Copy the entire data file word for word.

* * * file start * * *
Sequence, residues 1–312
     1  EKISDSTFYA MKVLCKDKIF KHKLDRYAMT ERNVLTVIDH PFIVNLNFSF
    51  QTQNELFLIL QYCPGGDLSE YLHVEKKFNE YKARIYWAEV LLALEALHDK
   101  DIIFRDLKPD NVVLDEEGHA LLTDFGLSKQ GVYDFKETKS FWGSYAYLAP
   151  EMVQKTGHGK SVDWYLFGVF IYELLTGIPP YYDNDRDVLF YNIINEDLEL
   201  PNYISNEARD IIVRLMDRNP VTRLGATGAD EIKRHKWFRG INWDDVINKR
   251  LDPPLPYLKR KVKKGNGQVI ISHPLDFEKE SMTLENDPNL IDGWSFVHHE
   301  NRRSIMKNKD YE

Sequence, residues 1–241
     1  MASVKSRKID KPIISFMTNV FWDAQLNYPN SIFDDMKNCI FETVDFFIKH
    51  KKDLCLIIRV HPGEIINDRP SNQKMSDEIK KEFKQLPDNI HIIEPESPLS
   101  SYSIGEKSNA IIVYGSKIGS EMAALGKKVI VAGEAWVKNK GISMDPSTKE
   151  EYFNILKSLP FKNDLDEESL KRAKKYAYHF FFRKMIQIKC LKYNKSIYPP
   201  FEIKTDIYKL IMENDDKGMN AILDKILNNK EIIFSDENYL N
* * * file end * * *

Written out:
Sequence, residues 1–312
     1  EKISDSTFYA MKVLCKDKIF KHKLDRYAMT ERNVLTVIDH PFIVNLNFSF
    51  QTQNELFLIL QYCPGGDLSE YLHVEKKFNE YKARIYWAEV LLALEALHDK
   101  DIIFRDLKPD NVVLDEEGHA LLTDFGLSKQ GVYDFKETKS FWGSYAYLAP
   151  EMVQKTGHGK SVDWYLFGVF IYELLTGIPP YYDNDRDVLF YNIINEDLEL
   201  PNYISNEARD IIVRLMDRNP VTRLGATGAD EIKRHKWFRG INWDDVINKR
   251  LDPPLPYLKR KVKKGNGQVI ISHPLDFEKE SMTLENDPNL IDGWSFVHHE
   301  NRRSIMKNKD YE

Sequence, residues 1–241
     1  MASVKSRKID KPIISFMTNV FWDAQLNYPN SIFDDMKNCI FETVDFFIKH
    51  KKDLCLIIRV HPGEIINDRP SNQKMSDEIK KEFKQLPDNI HIIEPESPLS
   101  SYSIGEKSNA IIVYGSKIGS EMAALGKKVI VAGEAWVKNK GISMDPSTKE
   151  EYFNILKSLP FKNDLDEESL KRAKKYAYHF FFRKMIQIKC LKYNKSIYPP
   201  FEIKTDIYKL IMENDDKGMN AILDKILNNK EIIFSDENYL N